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Delivery Hero wants to become a 15-minute everything supplier
Up to two years waiting time for a tea delivery - that was still quite normal in the late Middle Ages around 1400. Camel caravans brought the precious goods overland over the Silk Road from the Far East. It was uncertain whether it would really make a difference: on the routes through the desert and high mountains, the traders often put their lives in danger. Technical progress and the development of sea and air routes have greatly accelerated trade in the centuries that followed.
At least since the global rise of Amazon, people have got used to delivery times within a few days or hours, be it for a pack of tea or a whole week's shopping. However, a German stock exchange group believes that this is still taking too long for many people. The Berlin delivery platform Delivery Hero wants to make ultra-fast deliveries in 15 minutes the new standard.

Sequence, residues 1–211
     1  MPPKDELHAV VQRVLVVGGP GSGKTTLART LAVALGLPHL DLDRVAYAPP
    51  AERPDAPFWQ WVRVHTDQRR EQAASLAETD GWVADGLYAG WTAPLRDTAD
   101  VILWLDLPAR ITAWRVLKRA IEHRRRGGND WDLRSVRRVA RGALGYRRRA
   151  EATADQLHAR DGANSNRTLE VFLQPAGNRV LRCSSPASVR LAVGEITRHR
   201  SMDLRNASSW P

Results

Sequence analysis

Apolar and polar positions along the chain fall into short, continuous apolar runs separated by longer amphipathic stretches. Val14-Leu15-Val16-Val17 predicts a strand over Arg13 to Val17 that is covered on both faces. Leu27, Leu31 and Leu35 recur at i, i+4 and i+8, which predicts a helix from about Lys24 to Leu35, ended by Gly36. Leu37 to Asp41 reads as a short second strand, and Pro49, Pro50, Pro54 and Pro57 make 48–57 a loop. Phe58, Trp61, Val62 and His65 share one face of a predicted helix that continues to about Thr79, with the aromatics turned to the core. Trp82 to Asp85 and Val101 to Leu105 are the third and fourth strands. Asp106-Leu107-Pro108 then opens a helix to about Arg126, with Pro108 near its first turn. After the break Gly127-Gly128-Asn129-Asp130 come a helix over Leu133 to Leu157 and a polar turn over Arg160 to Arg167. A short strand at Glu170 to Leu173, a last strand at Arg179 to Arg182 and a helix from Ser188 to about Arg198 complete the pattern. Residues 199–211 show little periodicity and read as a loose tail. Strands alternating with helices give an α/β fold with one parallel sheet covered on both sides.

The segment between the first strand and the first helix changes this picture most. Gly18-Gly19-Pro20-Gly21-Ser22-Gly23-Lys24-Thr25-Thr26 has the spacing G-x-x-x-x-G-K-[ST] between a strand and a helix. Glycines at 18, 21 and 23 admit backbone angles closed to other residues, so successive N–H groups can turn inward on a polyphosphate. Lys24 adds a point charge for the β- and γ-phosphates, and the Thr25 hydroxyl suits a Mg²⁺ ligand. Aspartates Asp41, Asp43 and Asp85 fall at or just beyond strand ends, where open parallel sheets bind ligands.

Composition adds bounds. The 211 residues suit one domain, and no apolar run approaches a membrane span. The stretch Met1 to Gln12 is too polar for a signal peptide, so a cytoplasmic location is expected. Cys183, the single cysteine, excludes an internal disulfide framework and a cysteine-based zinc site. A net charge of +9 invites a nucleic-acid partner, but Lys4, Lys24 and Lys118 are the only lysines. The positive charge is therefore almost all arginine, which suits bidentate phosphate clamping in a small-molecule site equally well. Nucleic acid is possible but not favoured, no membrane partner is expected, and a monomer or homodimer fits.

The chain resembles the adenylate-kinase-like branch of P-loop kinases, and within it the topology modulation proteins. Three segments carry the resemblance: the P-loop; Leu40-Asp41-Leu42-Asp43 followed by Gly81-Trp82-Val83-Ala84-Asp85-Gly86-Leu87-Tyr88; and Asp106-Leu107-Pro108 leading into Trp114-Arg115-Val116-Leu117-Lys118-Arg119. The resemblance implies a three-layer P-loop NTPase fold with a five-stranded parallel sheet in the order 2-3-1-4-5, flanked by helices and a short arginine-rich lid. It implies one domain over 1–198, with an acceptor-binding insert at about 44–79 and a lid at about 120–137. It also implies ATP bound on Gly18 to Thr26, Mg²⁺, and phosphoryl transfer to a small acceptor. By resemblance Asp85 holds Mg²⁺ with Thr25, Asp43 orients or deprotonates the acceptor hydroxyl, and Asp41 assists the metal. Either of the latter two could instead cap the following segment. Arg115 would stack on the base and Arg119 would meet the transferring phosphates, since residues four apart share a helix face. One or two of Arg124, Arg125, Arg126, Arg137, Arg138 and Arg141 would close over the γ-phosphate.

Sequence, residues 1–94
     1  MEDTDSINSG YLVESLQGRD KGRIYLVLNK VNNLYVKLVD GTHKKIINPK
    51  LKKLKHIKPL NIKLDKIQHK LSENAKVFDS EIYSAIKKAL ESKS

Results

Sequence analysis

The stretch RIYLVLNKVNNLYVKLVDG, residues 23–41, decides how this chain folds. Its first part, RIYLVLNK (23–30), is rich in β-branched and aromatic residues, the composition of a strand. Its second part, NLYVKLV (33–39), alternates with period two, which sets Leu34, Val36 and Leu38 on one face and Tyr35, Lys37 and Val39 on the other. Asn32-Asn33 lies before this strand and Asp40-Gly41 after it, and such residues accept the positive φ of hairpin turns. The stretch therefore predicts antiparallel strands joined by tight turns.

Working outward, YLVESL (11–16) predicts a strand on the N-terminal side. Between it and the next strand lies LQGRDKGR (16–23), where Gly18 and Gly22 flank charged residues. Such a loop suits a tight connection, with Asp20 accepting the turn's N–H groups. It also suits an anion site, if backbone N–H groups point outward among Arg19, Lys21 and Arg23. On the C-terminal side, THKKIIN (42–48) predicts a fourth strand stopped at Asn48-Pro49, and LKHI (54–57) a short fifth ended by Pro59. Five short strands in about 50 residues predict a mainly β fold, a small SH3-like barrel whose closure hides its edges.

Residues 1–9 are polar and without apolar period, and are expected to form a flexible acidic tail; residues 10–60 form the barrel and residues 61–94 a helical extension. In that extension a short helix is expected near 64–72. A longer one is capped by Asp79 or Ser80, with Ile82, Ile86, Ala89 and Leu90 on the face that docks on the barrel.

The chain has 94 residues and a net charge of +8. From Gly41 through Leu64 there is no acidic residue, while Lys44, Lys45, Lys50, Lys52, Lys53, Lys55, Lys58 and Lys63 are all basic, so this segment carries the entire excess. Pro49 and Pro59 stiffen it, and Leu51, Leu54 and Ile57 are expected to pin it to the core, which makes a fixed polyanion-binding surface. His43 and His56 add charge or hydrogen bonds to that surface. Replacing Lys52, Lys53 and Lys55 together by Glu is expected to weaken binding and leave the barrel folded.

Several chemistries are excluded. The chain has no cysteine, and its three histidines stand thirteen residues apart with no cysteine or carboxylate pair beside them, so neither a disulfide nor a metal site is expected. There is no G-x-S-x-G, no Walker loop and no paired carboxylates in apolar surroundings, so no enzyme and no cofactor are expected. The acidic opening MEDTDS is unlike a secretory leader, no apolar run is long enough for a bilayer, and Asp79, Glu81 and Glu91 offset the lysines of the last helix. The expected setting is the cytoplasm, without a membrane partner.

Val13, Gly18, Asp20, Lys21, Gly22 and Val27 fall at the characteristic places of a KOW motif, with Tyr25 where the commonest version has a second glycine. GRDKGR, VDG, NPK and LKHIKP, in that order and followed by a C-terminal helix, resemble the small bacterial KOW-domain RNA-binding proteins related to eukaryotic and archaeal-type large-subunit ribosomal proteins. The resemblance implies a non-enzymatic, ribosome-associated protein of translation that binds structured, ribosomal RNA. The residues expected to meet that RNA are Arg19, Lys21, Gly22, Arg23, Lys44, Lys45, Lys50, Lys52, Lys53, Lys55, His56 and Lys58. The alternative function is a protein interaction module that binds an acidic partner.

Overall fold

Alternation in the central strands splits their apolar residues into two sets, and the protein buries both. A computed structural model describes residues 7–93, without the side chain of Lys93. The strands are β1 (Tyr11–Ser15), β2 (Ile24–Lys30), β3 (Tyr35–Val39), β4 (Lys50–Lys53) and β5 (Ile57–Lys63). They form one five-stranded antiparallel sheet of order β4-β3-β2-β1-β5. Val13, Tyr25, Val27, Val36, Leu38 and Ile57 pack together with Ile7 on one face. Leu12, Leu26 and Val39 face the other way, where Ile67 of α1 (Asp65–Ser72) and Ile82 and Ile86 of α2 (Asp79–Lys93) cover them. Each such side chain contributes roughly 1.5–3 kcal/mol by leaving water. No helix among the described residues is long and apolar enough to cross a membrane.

Delivery Hero is currently rolling out its instant delivery service in 35 countries. In addition to the actual core business - the delivery of restaurant food - the couriers will in future also bring supermarket purchases, flowers and medicines within minutes. "We have the fleet and we have an active customer base - so it only makes sense to expand our offer beyond restaurant orders," says Pieter-Jan Vandepitte, who is responsible for the operative business of Delivery Hero on the board Business Insider.
Ultra-fast deliveries should bring growth
The group has been promoting the new business area with investors since April under the title “Q-Commerce”. This is a word creation from Quick and E-Commerce, which means something like "fast online trading". The reason behind this: those who deliver quickly have happy customers. This in turn strengthens customer loyalty, increases the frequency of orders and should be reflected in growing sales at the end of the quarter. But the calculation also has a delicate variable: Industry experts warn that speed is inevitably associated with high costs.
Delivery Hero board member Vandepitte is nevertheless convinced of a golden future for Quick Commerce. He estimates the global market for ultra-fast deliveries at 448 billion euros by 2030. But the delivery company is still at the beginning.